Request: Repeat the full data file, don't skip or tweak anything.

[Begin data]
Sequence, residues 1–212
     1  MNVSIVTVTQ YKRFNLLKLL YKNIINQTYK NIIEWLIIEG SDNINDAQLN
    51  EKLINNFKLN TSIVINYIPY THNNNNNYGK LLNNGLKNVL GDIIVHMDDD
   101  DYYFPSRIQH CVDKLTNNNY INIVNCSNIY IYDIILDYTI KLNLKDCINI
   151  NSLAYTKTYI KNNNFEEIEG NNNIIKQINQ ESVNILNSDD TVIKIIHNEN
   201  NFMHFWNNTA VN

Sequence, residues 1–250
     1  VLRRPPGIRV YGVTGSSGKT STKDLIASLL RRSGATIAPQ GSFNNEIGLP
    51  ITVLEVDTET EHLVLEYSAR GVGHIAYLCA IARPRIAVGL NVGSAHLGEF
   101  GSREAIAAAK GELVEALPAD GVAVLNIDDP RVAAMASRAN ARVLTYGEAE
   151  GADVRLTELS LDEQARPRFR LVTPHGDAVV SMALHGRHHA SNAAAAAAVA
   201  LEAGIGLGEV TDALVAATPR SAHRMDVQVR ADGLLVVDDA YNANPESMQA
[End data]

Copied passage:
Sequence, residues 1–212
     1  MNVSIVTVTQ YKRFNLLKLL YKNIINQTYK NIIEWLIIEG SDNINDAQLN
    51  EKLINNFKLN TSIVINYIPY THNNNNNYGK LLNNGLKNVL GDIIVHMDDD
   101  DYYFPSRIQH CVDKLTNNNY INIVNCSNIY IYDIILDYTI KLNLKDCINI
   151  NSLAYTKTYI KNNNFEEIEG NNNIIKQINQ ESVNILNSDD TVIKIIHNEN
   201  NFMHFWNNTA VN

Sequence, residues 1–250
     1  VLRRPPGIRV YGVTGSSGKT STKDLIASLL RRSGATIAPQ GSFNNEIGLP
    51  ITVLEVDTET EHLVLEYSAR GVGHIAYLCA IARPRIAVGL NVGSAHLGEF
   101  GSREAIAAAK GELVEALPAD GVAVLNIDDP RVAAMASRAN ARVLTYGEAE
   151  GADVRLTELS LDEQARPRFR LVTPHGDAVV SMALHGRHHA SNAAAAAAVA
   201  LEAGIGLGEV TDALVAATPR SAHRMDVQVR ADGLLVVDDA YNANPESMQA